I've heard some version of that on these skilled reality competitions, the cooking and designing ones where the contestant’s skill level accounts for most of their survival. The designer sketches something out, gets all excited about the vision, gathers the material, and makes it work. Someone comes along and picks apart everything, doubts the overall vision, questions the designer’s taste or his ability to pull it off.
Often, this is followed by a brief moment of panic. She might drop several crucial elements. He might go with a safer, backup choice in fabric, instead. The whole thing might be reimagined.
Sometimes, the unperturbed designer responds, “It’s gonna be good.”
And, sometimes, that’s the best way to go.
I’m not a meticulous plotter. In the thick of it, my first draft can look pretty bleak, doubtful. I lose track of the plot and lose touch with the characters. Back when I started, I was so excited and couldn’t wait to get this really awesome idea out of my head and onto the page. Then I get to a point, usually around the final act, where I start contemplating whether to drop several elements and go back to switch things up.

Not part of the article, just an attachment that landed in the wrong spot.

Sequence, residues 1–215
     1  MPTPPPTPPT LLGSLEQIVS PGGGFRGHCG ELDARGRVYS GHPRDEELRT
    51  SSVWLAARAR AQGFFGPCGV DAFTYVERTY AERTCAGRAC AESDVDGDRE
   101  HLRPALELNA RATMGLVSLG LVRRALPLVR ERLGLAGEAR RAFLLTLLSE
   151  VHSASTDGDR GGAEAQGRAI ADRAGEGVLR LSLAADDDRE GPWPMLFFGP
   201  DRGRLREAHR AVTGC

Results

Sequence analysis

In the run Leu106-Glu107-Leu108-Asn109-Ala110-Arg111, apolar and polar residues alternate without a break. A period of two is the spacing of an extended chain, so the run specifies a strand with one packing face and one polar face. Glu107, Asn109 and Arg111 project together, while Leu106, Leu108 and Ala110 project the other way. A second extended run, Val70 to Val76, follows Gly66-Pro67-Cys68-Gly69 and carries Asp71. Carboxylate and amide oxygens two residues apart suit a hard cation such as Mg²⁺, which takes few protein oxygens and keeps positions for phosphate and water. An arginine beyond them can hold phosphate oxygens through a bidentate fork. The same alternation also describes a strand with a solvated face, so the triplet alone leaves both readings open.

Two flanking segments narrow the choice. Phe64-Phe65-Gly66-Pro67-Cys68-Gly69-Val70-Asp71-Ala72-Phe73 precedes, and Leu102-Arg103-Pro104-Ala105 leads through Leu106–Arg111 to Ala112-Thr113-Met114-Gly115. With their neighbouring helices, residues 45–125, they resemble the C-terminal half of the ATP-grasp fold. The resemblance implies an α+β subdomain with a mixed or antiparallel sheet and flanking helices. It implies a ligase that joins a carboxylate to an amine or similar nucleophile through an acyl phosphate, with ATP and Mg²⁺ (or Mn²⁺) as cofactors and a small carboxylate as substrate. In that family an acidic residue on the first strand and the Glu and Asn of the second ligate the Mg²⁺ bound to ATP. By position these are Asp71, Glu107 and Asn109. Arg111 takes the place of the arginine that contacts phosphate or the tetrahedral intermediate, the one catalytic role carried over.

This time, I’ve decided to skip the panic session. This draft is nearly complete. I’m going to put my head down and keep working, doing what I know how to do as best as I can.
It’s gonna be good.
Photo: Copyright 2012 Gina Fairchild